These algorithms rely on the idea that a message sent by a vertex in a cycle will come back to itself. Cycle (graph theory)_sentence_25

Distributed cycle detection algorithms are useful for processing large-scale graphs using a distributed graph processing system on a computer cluster (or supercomputer). Cycle (graph theory)_sentence_26

Applications of cycle detection include the use of wait-for graphs to detect deadlocks in concurrent systems. Cycle (graph theory)_sentence_27

Covering graphs by cycles Cycle (graph theory)_section_6

In his 1736 paper on the Seven Bridges of Königsberg, widely considered to be the birth of graph theory, Leonhard Euler proved that, for a finite undirected graph to have a closed walk that visits each edge exactly once, it is necessary and sufficient that it be connected except for isolated vertices (that is, all edges are contained in one component) and have even degree at each vertex. Cycle (graph theory)_sentence_28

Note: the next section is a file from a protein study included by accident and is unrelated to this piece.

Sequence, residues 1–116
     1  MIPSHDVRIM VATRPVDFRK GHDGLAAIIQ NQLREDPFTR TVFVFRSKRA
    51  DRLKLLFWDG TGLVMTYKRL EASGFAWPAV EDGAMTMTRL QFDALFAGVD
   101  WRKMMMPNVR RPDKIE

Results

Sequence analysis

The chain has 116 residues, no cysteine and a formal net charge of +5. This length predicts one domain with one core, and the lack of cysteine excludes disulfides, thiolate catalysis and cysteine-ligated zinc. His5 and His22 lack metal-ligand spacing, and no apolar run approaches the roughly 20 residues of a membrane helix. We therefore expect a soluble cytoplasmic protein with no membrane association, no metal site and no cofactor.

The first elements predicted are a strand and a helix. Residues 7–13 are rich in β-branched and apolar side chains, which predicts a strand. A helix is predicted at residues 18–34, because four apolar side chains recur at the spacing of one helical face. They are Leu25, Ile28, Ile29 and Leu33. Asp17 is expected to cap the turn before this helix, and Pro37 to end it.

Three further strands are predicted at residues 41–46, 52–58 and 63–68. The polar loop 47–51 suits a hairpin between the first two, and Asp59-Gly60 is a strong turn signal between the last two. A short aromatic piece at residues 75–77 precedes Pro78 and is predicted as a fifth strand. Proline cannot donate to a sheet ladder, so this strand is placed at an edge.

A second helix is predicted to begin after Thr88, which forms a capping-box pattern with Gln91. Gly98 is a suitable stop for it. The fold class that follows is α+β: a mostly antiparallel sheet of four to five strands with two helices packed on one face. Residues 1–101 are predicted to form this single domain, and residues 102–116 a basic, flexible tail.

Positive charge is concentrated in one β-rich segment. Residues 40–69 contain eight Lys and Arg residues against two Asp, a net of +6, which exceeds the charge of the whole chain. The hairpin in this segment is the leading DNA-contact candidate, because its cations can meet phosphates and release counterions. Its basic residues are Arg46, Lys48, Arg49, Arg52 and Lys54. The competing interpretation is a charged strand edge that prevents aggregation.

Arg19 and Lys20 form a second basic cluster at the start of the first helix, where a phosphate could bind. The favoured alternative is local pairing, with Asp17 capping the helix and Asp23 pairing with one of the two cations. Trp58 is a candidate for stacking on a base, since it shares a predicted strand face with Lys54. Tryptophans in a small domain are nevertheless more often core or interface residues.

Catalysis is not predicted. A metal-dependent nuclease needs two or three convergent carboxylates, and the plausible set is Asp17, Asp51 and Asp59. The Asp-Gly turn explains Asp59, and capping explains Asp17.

The corresponding characterization for the existence of a closed walk visiting each edge exactly once in a directed graph is that the graph be strongly connected and have equal numbers of incoming and outgoing edges at each vertex. Cycle (graph theory)_sentence_29

In either case, the resulting walk is known as an Euler cycle or Euler tour. Cycle (graph theory)_sentence_30